Is it time for a lifeboat drill for your Life Insurance and Estate Planning?

Tim Watters |

Cruise ships often have lifeboat drills, which are a little bit sobering when you are in the middle of the North Atlantic. However, they help you prepare for a potential emergency that could happen. I find that it's a good idea to do the same thing with your life insurance and your estate planning. I often have these types of “drills” with my clients and I'm often surprised to see how poorly prepared people are.

Many times people think that they have life insurance when they don't. Also, I have found that they don’t know who the policy insures and may think that the policy covers the husband when it really only covers the wife or visa versa. Often, they don't have the actual insurance policies, merely some old statements from several years ago. This creates a mess for your family.

Insurance companies love to not pay claims.  There are often media stories about the many life insurance policies that could have been paid out that don't get paid out because the families didn’t even know the policy existed. Everybody should have a copy of their current life insurance policy stored in a safe place. With that policy, they should keep the most recent statements for the policies as well. 

I am often surprised to find that many small business owners have a cavalier attitude about “what if” planning. They often have no succession plan or Buy-Sell Agreement for their business.  Many times, they haven't even given their spouse access to their business files or business financials. It doesn't do you much good if your wife can’t sign checks on your behalf if you are disabled or die. I have been there for several clients who have died and have counseled many widows over the last 30 years. One Attorney I respect, Frank Brunetti, Esq, often says “you only die once, you might as well do it right”. I know it's an obvious point but, everybody should have a Last Will and Testament, a Durable Power of Attorney and Health Care Proxy document on file and you should know where those documents are stored.  Sometimes people store estate documents directly with their attorneys. Another option is to store them in your home. If you don't have the originals, it can add thousands of dollars to the estate process.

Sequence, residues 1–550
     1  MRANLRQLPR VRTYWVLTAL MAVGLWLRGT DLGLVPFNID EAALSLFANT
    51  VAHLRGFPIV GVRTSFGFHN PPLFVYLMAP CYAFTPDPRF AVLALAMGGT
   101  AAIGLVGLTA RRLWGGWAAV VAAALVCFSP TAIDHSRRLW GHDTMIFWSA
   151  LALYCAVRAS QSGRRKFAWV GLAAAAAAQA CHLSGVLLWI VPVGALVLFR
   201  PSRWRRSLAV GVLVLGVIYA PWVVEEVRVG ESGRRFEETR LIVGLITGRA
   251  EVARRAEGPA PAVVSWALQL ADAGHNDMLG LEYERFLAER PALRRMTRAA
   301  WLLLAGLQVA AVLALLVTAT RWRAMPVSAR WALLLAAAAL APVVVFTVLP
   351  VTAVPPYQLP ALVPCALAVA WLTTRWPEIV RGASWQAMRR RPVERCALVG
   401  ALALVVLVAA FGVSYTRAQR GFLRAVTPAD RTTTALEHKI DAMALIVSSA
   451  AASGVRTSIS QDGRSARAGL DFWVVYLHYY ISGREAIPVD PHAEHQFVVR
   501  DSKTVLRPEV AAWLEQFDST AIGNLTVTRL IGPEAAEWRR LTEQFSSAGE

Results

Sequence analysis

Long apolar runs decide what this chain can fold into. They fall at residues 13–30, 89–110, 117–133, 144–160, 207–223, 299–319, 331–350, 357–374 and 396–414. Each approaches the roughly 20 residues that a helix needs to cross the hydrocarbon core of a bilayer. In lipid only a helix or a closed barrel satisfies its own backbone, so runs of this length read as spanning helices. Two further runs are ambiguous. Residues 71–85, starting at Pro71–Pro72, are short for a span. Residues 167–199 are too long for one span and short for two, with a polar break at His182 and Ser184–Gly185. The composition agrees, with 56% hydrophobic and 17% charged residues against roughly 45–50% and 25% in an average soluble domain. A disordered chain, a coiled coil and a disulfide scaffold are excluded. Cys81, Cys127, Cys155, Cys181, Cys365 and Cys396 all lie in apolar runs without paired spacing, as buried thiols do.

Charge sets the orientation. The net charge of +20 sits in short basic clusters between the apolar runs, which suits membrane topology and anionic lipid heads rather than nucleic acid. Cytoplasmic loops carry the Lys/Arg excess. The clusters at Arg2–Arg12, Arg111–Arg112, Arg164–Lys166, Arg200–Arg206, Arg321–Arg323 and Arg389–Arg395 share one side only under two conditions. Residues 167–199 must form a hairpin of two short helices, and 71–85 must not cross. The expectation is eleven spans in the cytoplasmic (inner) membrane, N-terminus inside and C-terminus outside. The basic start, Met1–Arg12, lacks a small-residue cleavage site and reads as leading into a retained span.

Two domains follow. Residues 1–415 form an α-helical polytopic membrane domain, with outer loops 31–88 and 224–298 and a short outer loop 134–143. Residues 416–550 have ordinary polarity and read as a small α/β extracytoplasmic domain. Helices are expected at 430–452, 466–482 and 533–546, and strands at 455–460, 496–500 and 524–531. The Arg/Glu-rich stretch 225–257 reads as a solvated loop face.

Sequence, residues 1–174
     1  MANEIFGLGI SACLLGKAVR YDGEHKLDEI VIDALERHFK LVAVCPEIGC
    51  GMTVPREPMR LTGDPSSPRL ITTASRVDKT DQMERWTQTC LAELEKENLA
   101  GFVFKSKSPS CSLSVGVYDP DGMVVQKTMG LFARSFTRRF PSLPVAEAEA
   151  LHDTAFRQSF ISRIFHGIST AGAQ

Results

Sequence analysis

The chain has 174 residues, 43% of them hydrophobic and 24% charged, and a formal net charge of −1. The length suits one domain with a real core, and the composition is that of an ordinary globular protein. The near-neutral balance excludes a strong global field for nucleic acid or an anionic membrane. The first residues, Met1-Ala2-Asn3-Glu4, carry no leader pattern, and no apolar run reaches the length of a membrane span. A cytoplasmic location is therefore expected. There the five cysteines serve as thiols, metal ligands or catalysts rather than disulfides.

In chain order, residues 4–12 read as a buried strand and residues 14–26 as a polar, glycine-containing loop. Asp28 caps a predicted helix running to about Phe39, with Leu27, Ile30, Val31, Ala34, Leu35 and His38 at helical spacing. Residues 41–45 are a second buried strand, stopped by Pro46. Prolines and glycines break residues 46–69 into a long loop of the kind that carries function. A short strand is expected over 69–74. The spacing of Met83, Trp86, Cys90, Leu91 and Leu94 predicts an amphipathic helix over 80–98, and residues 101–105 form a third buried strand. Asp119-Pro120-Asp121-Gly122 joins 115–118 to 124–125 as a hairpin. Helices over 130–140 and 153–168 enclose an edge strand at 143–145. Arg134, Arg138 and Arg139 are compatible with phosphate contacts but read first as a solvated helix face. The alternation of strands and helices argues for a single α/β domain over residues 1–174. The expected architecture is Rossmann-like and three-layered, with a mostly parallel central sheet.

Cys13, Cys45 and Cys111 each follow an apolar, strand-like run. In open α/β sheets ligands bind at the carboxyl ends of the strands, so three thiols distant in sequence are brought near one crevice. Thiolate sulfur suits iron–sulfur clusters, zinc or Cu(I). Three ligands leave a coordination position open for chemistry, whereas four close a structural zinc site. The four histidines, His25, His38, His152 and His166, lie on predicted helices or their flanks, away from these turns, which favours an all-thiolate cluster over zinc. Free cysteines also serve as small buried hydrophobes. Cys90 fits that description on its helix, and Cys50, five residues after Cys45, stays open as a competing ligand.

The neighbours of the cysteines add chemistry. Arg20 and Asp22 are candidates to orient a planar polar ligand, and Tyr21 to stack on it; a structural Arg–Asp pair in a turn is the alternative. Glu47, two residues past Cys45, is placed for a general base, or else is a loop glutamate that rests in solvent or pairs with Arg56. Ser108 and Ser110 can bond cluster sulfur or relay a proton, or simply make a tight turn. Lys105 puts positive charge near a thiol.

I am also not a fan of self-made estate planning documents. The ones I have seen were not done correctly; with scratch outs, no signatures, no witness affidavits etc. Would you self-diagnose and operate on your own Appendectomy?  The cost of getting your documents created should be viewed as a cost that is spread out over many years. It is a comfort to know that they have been done right.

Are your beneficiaries up to date? This is also an area that needs to be addressed. I recommend reviewing the beneficiaries every two years to make sure that they still match your wishes. Many people do not realize that the Last Will and Testament does not govern assets that have beneficiaries (retirement accounts, life insurance, annuities) unless you mention your Last Will and Testament in the beneficiary assignment.

Finally, I often recommend clients create short Voice Memos on their cell phone to cover different estate topics that are important for this type of planning. Here are some examples of short voice memo topics:

·       Who to call and how to deal with short term cash flow after death.

·       Where are the estate documents and life insurance policies stored

·       Where you have banking and investment accounts.


These memos should be updated periodically to make it as easy as possible for your loved ones to access.

If you have additional questions, please feel free to call my office at 201-843-0044 or check out our website at: for additional information concerning Financial Planning and Wealth Management topics.